The Special Rapporteur's 2000 report discusses some of the connections between migration and trafficking in women and domestic violence.
Economic and Social Policy and Its Impact on Violence Against Women (E/CN.4/2000/68/Add.5) (24 February 2000). (Available in PDF and Word, 20 pages).
The Addendum to the Special Rapporteur's 2000 report discusses the connections between economic and social policies and violence against women, including the relationship between housing policies and domestic violence.
Domestic Violence Against Women and Girls, UNICEF, Innocenti Digest, vol. 6 (2000). (PDF, 30 pages).
UNICEF's report discusses the scope and magnitude of the problem, causes and consequences of domestic violence, the socio-economic costs of violence, strategies and interventions, and state obligations with regard to domestic violence.
Addendum to the 1999 Report of the Special Rapporteur on Violence Against Women, Policies and Practices that Impact Women's Reproductive Rights and Contribute to, Cause or Constitute Violence Against Women (E/CN.4/1999/68/Add.4) (21 January 1999).
The Special Rapporteur discusses the ways in which violence against women contributes to violations of women's reproductive rights by limiting the choices they can make about their health and sexuality. The report emphasizes that "[s]exuality and reproduction is one of the many ways in which batterers seek to exercise power and control over battered women." Battered women are often required to take substantial risks in order to seek reproductive health services or prevent unwanted pregnancies.
Gender and HIV/AIDS: Taking Stock of research and programmes, UNAIDS (UNAIDS/99.16E) (March 1999).
1998 Report of the Special Rapporteur on Violence Against Women, Alternative Approaches and Ways and Means Within the United Nations System for Improving the Effective Enjoyment of Human Rights and Fundamental Freedoms (E/CN.4/1998/54) (26 January 1998).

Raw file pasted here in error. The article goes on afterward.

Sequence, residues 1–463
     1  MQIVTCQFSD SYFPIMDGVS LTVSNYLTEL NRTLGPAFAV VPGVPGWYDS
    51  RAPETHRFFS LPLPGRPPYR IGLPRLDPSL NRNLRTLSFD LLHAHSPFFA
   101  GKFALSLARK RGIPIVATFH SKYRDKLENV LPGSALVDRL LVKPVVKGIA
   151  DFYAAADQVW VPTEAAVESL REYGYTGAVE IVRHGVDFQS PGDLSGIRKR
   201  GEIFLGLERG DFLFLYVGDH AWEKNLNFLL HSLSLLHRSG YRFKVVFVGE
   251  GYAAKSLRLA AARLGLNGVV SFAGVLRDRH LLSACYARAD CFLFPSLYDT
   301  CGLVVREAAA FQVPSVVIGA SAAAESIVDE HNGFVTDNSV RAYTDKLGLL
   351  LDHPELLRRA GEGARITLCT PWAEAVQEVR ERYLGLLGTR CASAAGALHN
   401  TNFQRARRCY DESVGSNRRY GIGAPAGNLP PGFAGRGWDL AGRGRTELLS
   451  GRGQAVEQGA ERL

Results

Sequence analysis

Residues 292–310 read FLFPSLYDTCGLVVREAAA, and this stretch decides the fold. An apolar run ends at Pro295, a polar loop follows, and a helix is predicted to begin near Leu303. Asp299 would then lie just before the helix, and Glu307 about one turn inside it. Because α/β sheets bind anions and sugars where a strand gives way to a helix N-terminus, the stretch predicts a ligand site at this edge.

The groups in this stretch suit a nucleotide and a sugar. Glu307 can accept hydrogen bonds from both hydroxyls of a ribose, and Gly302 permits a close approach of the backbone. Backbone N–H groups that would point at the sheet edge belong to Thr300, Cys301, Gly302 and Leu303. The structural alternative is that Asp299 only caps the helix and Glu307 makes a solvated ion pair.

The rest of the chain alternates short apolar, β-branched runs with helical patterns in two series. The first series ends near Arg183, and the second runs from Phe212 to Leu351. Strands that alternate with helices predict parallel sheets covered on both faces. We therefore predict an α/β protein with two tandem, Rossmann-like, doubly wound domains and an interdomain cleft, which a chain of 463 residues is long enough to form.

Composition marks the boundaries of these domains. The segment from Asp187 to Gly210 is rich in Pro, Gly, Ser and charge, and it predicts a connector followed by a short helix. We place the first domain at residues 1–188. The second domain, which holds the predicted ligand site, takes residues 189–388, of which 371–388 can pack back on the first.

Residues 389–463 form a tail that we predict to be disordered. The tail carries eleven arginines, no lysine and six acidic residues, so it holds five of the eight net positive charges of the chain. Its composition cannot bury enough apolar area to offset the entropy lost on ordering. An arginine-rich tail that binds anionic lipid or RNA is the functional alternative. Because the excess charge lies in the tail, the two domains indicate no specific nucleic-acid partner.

In her 1999 report, the Special Rapporteur discusses violence against women during armed conflict, custodial violence against women, and violence against refugee and internally displaced women.
1997 Report of the Special Rapporteur on Violence Against Women, Alternative Approaches and Ways and Means Within the United Nations System for Improving the Effective Enjoyment of Human Rights and Fundamental Freedomes (E/CN.4/1997/47) (12 February 1997).
In her 1997 report, the Special Rapporteur examines violence in the community, rape and sexual violence against women, trafficking in women, and forced prostitution.
Stop Violence Against Women: Fight Aids, The Global Coalition on Women and AIDS.
1996 Report of the Special Rapporteur on Violence Against Women, Further Promotion and Encouragement of Human Rights and Fundamental Freedoms (E/CN.4/1996/53) (6 February 1996).
The Special Rapporteur discusses the problem of violence against women in the family, examines this violence as a violation of international human rights law, analyzes reports on state compliance with the Convention on the Elimination of All Forms of Discrimination Against Women, discusses national and model legislation on domestic violence, and offers recommendations on ways to combat and remedy the consequences of violence within the family.
Gender Dimensions of Racial Discrimination, Office of the High Commissioner for Human Rights. (PDF, 31 pages).
Includes discussion of the gendered dimension of domestic violence.
Empower Women, Halt HIV/AIDS, UNIFEM.
United Nations' reports on issues concerning women's rights that are issued in the future may be located at the Office of the High Commissioner for Human Rights website, Documents on Women's Rights. This site includes documents produced by the Commission on Human Rights and the Commission on the Status of Women and the Economic and Social Council, many of which are listed in this compilation. A reference number may be necessary to locate a specific document.